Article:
The National Labour Commission (NLC) has threatened to force government and striking teachers of Colleges of Education into compulsory arbitration if the two fail reach consensus that will see an end to the month-long strike by the teachers.
A meeting between the NLC and the teachers ended inconclusively on Thursday as the latter appeared unyielding.
The Commission consequently directed the teachers who form the Colleges of Ediucation Teachers Association (CETAG), and the government, to meet and agree on a roadmap to resolve the standoff by Monday, December 3.
A statement issued by the National Secretary of CETAG, Nathan Ohene Gyang, after Thursday’s meeting said “should we fail to reach an agreement [with the government], the Commission will trigger a compulsory arbitration”.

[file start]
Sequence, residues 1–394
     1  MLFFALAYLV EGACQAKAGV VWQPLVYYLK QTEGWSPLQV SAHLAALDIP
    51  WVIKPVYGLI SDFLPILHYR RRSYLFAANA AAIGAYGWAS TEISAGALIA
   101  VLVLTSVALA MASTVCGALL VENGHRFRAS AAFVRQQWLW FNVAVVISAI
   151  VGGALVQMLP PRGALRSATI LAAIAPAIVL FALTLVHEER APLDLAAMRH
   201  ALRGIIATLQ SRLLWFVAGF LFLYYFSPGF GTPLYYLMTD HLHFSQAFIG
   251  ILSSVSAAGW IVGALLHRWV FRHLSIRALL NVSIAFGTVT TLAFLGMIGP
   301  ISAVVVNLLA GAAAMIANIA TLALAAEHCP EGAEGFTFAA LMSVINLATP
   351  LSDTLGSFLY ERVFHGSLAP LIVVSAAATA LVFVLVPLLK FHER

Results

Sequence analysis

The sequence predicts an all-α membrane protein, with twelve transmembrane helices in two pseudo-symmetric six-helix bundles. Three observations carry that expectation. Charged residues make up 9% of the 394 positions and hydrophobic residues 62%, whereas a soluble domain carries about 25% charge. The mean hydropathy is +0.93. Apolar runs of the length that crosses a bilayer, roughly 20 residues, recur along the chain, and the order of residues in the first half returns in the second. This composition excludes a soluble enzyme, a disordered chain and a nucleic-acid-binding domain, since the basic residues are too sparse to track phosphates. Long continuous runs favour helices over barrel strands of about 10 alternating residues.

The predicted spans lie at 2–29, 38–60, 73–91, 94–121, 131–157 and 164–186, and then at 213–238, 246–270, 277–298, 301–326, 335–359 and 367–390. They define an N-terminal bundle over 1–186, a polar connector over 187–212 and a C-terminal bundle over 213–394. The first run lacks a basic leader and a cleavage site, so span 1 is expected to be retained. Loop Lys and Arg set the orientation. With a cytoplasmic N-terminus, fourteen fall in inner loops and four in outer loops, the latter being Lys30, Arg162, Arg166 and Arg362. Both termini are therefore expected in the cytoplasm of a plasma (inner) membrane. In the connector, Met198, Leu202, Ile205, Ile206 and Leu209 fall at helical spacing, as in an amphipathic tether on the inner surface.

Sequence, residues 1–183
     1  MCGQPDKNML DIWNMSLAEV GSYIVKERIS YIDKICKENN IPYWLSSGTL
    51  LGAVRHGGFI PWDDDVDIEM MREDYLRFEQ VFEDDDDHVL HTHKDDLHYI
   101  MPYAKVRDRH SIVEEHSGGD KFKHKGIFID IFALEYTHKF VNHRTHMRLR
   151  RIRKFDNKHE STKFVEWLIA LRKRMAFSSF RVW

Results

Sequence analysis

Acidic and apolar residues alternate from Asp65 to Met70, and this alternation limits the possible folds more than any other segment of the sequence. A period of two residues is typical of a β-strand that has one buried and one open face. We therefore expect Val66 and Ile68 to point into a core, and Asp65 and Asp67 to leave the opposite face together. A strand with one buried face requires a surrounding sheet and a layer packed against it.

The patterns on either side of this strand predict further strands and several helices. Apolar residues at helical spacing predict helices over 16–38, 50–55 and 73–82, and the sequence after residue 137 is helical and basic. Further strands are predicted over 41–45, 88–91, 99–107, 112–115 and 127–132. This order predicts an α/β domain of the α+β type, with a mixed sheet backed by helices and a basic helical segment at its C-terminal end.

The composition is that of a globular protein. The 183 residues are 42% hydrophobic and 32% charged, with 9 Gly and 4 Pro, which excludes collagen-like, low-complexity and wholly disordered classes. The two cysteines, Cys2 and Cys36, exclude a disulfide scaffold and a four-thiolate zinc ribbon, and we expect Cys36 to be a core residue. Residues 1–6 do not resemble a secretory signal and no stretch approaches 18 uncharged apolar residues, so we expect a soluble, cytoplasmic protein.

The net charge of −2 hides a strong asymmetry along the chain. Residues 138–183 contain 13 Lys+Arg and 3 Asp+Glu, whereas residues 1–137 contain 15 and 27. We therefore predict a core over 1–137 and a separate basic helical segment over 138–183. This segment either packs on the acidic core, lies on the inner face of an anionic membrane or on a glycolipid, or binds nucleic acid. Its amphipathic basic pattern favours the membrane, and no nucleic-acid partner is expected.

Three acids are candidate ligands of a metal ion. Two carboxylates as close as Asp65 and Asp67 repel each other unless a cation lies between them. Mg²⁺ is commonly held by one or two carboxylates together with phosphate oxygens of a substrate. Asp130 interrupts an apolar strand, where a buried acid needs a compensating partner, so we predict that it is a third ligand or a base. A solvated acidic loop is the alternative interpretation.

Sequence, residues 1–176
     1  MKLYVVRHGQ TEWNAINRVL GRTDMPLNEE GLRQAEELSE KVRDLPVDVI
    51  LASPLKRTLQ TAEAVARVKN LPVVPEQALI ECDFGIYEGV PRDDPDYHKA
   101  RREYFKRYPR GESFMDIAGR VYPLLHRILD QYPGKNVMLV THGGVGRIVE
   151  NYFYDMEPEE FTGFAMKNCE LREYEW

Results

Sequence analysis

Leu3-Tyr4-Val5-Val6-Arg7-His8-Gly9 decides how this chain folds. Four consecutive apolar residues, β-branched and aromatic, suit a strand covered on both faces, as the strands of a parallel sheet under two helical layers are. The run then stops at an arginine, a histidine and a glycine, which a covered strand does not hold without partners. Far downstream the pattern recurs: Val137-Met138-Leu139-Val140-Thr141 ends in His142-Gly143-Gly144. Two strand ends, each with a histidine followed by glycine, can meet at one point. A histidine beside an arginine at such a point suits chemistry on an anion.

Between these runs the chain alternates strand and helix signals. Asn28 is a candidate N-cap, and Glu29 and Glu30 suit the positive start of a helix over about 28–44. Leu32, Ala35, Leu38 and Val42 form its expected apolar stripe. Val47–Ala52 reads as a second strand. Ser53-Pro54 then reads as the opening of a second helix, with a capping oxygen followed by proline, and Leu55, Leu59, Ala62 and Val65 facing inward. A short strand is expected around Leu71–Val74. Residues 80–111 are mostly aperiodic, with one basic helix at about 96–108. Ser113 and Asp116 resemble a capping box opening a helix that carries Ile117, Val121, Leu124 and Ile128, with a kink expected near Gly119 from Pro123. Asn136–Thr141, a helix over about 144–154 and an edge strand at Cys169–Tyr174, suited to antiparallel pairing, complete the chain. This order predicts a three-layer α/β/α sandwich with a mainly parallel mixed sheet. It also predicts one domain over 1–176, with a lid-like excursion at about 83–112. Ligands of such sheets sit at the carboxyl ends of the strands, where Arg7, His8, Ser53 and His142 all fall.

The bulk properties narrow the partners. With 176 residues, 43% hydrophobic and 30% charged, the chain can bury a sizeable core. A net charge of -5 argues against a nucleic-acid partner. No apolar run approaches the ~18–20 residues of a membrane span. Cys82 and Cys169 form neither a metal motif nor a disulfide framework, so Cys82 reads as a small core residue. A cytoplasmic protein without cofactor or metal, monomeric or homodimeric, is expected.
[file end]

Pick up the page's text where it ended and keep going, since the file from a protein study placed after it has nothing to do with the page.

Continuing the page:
Meanwhile, CETAG is expected to meet with the Fair Wages and Salaries Commission (FWSC) Friday November 30, and the outcome is expected to determine whether the teachers will return to the classrooms.
CETAG withdrew their services on Monday, October 29 over government’s failure to pay members their market premium and Book and Research Allowance following their upgrade to tertiary institution.
The action has bitten hard at the various public Colleges of Education across the country.
Government considered the action illegal, and has resolved not to pay the protesting teachers their November salaries.
The teachers in response to government’s decision threatened to cease all negotiations with government if the November salaries are not paid.
Speaking on News360 on TV3 Thursday, National President Prince Obeng-Himah pointed out that their action cannot be termed strike as they are virtually at post.
“We are at post technically and we are still carrying out some of our duties,” he said and explained their industrial action is just a mere freezing of services.
“It is about semantics,” he indicated.